The California Bucket List: Your daily guide to the best adventures and experiences in the Golden State

September 8

A compendium of observations and musings on life in and around Paris:

Last week I went from Paris' Gare du Nord to London's Waterloo station on the Eurostar, my first trip through the Channel tunnel. Because I made my reservations at the last minute, I paid a steep price, about $140 each way. (Later, a ticket agent told me the one-way fare goes as low as $70 if you book at least three weeks in advance and stay over a Saturday.) The boarding process was efficient, with more security precautions -- repeated passport checks and baggage inspection -- than at European airports. The staff was bilingual, and the trip was perfectly comfortable, lasting 2.5 hours. About 90 minutes into the trip, we entered the tunnel, crossed under the channel in 20 minutes, then emerged. And suddenly, it was England.

I'd been to London many times but on this trip was able to contrast these two capitals: London, with its real urban pulse and cultural diversity, and Paris, quiet, harmonious, unruffled, a museum city.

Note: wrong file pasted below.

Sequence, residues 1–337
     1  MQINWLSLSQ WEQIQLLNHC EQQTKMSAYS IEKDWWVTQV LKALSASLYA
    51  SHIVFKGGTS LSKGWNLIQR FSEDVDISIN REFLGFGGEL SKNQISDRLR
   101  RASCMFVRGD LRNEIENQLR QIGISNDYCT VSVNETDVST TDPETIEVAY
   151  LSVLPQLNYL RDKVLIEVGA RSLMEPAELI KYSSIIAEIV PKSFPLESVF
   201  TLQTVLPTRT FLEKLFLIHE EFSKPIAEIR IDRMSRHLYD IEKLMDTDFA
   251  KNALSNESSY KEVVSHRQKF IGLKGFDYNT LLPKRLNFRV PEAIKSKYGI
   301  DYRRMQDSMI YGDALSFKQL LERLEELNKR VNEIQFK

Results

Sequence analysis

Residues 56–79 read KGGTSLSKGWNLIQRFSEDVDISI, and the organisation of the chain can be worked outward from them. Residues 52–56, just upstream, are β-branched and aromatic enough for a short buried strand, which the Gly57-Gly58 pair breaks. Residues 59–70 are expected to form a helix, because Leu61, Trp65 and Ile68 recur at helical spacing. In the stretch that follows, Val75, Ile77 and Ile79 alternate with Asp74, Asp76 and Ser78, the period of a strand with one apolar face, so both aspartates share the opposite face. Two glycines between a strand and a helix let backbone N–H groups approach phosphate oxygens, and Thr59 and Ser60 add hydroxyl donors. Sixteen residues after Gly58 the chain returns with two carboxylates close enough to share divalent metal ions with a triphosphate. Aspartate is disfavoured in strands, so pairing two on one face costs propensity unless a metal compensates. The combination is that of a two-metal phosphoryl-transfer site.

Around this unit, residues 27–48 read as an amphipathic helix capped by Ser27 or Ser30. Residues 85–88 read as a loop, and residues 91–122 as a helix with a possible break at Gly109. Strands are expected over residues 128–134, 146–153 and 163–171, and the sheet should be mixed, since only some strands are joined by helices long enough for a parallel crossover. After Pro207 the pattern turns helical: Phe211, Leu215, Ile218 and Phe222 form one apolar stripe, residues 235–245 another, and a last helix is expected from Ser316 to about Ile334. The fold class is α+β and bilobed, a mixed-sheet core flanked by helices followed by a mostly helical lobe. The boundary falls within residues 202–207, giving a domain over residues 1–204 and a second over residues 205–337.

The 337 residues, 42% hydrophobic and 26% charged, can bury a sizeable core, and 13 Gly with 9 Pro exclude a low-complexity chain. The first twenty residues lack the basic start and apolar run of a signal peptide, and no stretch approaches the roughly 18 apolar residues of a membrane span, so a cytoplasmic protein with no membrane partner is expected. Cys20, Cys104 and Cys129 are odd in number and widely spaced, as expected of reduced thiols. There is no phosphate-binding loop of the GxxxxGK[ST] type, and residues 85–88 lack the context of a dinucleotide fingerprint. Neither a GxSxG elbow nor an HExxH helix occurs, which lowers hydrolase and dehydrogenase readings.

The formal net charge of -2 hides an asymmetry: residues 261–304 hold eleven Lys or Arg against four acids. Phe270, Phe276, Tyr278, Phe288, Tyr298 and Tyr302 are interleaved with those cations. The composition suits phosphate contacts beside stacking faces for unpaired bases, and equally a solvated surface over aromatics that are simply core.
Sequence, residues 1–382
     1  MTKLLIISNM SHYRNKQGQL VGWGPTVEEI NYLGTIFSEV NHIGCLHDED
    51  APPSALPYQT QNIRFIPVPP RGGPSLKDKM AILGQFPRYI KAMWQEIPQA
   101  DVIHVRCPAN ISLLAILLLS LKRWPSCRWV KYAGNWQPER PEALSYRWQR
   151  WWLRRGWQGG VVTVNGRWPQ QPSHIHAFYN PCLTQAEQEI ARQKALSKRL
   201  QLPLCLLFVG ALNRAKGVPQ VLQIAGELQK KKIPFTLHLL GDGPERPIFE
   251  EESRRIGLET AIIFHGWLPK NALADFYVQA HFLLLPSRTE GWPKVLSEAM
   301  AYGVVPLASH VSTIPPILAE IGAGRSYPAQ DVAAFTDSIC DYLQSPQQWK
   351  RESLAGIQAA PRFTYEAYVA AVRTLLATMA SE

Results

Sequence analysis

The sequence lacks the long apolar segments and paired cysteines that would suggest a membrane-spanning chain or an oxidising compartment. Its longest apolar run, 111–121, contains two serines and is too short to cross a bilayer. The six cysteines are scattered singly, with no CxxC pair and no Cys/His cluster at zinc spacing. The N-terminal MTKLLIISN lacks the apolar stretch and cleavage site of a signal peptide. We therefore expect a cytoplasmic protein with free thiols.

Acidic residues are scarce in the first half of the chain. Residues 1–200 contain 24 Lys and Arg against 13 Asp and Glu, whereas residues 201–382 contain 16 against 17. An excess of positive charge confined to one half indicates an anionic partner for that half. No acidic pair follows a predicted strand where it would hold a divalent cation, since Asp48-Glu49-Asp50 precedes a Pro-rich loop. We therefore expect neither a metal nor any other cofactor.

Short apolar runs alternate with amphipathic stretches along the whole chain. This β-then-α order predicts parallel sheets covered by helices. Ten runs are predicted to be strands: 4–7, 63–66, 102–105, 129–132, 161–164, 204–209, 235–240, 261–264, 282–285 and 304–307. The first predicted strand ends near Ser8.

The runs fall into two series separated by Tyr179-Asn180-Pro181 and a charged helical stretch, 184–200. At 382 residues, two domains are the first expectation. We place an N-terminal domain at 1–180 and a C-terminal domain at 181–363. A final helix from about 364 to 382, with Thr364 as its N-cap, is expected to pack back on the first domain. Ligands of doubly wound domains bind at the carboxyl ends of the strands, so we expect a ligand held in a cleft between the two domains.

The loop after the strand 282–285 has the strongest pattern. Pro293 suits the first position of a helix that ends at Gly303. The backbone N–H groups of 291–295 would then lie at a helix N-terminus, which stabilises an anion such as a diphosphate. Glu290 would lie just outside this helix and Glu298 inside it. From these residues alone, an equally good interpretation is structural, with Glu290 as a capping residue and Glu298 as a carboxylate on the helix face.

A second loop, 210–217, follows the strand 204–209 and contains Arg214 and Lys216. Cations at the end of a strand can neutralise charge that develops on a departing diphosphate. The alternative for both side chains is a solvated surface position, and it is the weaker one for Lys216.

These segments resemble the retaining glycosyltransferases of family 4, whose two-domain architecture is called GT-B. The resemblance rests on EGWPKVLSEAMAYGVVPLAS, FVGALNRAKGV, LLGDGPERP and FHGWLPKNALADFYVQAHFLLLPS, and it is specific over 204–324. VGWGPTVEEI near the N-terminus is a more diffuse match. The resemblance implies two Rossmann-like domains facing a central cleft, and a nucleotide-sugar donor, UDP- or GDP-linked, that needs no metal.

Still, Paris can surprise me. The other day I was walking from a yoga class in the northern part of the Marais to Art Deco Rex Cinema on the Boulevard de Bonne Nouvelle. (I especially like the intersection of Boulevard de Bonne Nouvelle and Rue Poissoniere, though I can't exactly say why.) Anyway, I veered onto Rue Blondel, a little street that runs east to west between Boulevard Sebastopol and Rue St.-Martin, just like any other really, with storefront shops selling cheap clothes. In almost every doorway was a prostitute talking to a man or silently smoking, in a skin-tight skirt, halter top, high heels, flashy jewelry. Of course I've seen hookers before, but the thing about the ones on Rue Blondel is that they're all gigantic and fleshy, like something out of a Fellini movie. I exchanged a polite bon jour with one of them, trying not to gawk, wondering what to think of her and what she thought of me.

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